PPI analysis of DEGs revealed that the upregulated members of the HSP family may engage in interactions with specific proteins within various cells implicated in neurodegenerative diseases. In our study, the pericytes of AD brains appeared to be a crucial focal point. HSP family genes were upregulated in pericytes and interacted with the upregulated ribosomal protein family in AD brains. Different ribosomal proteins within the ribosome bear distinct roles and functions, collaborating to ensure accurate and efficient protein synthesis. Interestingly, previous study has also reported the elevated expression of ribosomal proteins in the capillaries of AD brains, which is remarkably like what we observed in pericytes [63]. The researchers proposed that ribosomal function is augmented in the cerebral blood vessels of AD patients, leading to an aberrant protein translation network. The clinically used anti-AD drugs donepezil and tacrine were reported to inhibit ribosome biosynthesis [64]. These viewpoints suggested the significant involvement of ribosome biosynthesis in the pathogenesis of AD and the importance of it as a therapeutic target. Increased ribosome biosynthesis also occurred in the microglia of MS, which indirectly interacted with HSPB1. This suggests the potential involvement of microglial protein synthesis in the pathogenesis of MS. In the endothelial cells of PD, we observed a concurrent upregulation and interaction between the HSP family and the inflammation-related gene IRF1. IRF1 is involved in immune responses, cell apoptosis, and tumorigenesis. Previous study has found that IRF1 protein is upregulated in α-Syn overexpressed SH-SY5Y cells and the substantia nigra of A53T α-Syn transgenic mice. Furthermore, α-Syn overexpression facilitates the translocation of IRF1 from the cytoplasm to the nucleus, mediating neuroimmune responses [65]. Our research demonstrated the upregulation of IRF1 and HSP family genes in endothelial cells, revealing that besides immune cells, protein processing and immune-inflammatory responses in endothelial cells are also noteworthy. In this study, although we focused on the HSP family genes and their interacting genes, their prominent roles in distinct cell types appeared to vary across different diseases. This observation suggested that different cells may play diverse roles in the context of various diseases.

The transcriptional regulatory analysis identified several modules that are highly related to the pathogenesis of AD, PD, and MS, mainly in microglial, oligodendrocytes, and pericytes. We found that multiple top 20 specific TFs in microglia, oligodendrocytes, and astrocytes were shared across the AD, PD, and MS. Combined with the hub genes identified above, we found that these shared TFs can regulate multiple hub genes, including PSAP and CNTN2 in AD, and CHI3L1 in PD. The identification of these shared TFs has opened new avenues for studying their underlying pathological mechanisms.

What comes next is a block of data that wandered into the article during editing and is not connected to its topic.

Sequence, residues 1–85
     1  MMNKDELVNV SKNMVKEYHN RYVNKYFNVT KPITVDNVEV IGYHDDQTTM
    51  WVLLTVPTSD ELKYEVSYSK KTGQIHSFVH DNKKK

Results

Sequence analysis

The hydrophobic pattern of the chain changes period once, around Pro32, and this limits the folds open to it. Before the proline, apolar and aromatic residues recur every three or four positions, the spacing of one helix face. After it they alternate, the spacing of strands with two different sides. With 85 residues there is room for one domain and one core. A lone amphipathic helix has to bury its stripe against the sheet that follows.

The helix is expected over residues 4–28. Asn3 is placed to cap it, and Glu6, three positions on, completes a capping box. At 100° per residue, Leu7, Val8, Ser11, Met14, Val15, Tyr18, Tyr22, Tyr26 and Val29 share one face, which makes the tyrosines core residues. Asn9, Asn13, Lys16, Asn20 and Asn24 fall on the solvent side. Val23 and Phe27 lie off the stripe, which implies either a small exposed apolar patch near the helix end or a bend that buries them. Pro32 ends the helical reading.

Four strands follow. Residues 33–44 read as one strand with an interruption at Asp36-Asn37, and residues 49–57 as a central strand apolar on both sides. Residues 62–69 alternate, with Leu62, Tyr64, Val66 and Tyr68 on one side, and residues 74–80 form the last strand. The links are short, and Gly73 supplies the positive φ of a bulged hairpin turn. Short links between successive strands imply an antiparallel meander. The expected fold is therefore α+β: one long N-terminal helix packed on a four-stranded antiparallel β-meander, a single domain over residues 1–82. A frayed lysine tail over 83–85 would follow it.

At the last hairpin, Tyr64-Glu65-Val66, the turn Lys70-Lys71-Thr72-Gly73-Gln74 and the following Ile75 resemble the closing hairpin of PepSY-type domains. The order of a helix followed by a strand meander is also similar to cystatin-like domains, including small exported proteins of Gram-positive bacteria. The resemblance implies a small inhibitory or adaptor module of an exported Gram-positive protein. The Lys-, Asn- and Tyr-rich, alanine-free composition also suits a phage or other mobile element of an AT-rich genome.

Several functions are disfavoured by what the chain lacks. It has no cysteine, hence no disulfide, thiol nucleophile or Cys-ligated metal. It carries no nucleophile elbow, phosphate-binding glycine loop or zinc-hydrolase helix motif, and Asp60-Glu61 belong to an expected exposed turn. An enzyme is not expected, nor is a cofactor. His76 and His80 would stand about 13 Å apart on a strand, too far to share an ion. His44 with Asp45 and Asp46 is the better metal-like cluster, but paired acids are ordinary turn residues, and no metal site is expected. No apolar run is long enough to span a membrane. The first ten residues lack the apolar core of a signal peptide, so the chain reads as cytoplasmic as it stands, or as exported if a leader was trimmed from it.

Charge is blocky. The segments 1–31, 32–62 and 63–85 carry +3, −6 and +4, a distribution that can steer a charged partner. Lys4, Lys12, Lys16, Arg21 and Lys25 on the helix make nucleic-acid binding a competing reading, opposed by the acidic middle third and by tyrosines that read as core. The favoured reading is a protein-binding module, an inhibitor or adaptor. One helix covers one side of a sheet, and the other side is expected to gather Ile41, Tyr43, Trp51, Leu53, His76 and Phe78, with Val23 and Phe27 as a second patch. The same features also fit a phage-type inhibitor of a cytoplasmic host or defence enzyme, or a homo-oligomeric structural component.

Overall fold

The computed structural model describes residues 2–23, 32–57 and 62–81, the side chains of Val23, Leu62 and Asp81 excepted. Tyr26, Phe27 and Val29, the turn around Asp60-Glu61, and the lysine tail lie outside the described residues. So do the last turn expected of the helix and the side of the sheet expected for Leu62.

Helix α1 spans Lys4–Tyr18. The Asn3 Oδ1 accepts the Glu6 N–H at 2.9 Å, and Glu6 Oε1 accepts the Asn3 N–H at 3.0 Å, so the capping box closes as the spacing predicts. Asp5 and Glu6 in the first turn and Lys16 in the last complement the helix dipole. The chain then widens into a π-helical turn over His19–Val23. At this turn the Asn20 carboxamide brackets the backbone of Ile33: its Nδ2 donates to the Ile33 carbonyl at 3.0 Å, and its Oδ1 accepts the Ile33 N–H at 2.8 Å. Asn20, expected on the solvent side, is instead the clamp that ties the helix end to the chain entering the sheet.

We further identified that arctigenin could be a potential therapeutic drug for AD, PD, and MS. Arctigenin has also been shown having neuroprotective effect in vivo and in vitro of AD and PD models [24, 26]. Arctigenin could obviously attenuate the decrease of cell survival rates in SH-SY5Y cells with PD phenotypes by acting against cell apoptosis through the decrease of Bax/Bcl-2 and caspase-3, and by reducing the surplus reactive oxygen species production and downregulating the mitochondrial membrane potential [26]. These results shed light on the potential therapeutic value of arctigenin as a treatment option for AD, PD, and MS.


In summary, we performed a large-scale snRNA-seq integration of diverse neurodegenerative diseases (AD, PD, and MS) from post-mortem patients. We showed that the shared and distinct molecular networks of the three diseases, which were significantly enriched for various well-known neurodegeneration-related pathobiological biological processes. HSPB1 was identified as a key molecule in the pathogenic mechanisms of these three diseases and is associated with the BBB. Arctigenin shows promise as a potential therapeutic agent for AD, PD, and MS. Further investigation into the pathogenic mechanisms associated with HSPB1 is required to gain a more comprehensive understanding of the involvement of the BBB in neurodegenerative diseases.

Availability of data and materials